The Party Animal's wife did her best to put up with the situation, partly because the Party Animal had told her it was all for the best, but mostly because the only other game in town was a gangly adolescent who wore padding under his clothes to make himself look as much as possible like the Blue-Rinsed Paramour's marginally uglier sister.

However, after two and a half years the Party Animal's wife rebelled, and demanded of her husband whether he had any recollection at all of the solemn vows he had taken when they were married.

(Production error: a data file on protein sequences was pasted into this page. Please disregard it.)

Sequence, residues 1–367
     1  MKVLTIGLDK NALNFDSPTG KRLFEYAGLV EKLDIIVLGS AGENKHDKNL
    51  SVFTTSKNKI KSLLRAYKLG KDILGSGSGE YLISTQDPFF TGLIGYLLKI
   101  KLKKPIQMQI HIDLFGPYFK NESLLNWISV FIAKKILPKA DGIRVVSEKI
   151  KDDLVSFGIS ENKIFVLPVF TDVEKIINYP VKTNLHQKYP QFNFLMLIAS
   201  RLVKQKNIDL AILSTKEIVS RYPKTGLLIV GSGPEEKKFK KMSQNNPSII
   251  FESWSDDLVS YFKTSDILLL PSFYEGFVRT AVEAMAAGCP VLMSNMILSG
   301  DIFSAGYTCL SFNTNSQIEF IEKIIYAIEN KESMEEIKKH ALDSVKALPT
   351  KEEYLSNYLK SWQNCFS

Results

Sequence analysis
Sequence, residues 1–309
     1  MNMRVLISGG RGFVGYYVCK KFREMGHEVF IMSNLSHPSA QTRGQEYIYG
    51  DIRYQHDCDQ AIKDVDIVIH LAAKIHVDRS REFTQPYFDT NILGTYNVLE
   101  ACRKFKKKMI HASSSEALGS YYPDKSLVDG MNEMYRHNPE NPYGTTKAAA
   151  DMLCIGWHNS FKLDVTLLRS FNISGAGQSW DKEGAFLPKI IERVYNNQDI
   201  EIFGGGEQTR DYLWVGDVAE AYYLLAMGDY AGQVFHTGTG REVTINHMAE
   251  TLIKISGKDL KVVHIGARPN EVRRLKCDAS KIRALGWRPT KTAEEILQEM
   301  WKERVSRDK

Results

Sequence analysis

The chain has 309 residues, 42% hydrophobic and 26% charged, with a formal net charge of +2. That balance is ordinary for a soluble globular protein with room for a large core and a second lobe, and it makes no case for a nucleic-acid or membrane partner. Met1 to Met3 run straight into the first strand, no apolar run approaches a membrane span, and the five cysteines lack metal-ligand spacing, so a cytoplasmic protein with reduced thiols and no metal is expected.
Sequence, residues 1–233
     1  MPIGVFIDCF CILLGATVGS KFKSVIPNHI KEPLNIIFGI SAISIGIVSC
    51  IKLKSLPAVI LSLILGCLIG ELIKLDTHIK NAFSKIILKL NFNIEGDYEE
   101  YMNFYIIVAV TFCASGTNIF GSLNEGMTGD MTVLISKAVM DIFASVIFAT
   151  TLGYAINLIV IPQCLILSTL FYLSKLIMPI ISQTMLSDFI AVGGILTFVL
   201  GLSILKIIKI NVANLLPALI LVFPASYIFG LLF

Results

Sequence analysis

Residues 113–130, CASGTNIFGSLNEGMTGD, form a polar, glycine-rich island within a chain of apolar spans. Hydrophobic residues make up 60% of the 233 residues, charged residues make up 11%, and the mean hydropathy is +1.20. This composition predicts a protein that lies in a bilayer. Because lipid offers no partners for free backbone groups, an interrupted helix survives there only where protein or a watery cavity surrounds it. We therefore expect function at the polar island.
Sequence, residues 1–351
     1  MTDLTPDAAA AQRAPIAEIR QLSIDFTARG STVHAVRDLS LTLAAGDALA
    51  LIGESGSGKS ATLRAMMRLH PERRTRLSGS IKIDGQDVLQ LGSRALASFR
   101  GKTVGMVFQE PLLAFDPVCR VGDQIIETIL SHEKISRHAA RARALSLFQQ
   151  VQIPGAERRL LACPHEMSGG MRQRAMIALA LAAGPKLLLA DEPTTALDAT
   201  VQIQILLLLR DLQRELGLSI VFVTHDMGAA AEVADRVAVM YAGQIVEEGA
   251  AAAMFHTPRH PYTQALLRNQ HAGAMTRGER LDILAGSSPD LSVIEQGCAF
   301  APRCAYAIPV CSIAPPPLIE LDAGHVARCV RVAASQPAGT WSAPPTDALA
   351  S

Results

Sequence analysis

"My dear," said the Party Animal, "you are quite right; I owe you an apology. I should never have taken those vows without first factoring in my own inability to abide by them. From now on, I shall promise only what I am certain of delivering. Now, bend over and grab your ankles once again, otherwise I solemnly pledge that my Blue-Rinsed Paramour will be displeased with you."

Tuesday, September 18, 2012

Liberal Democrats in Existence Justification Revision Attempt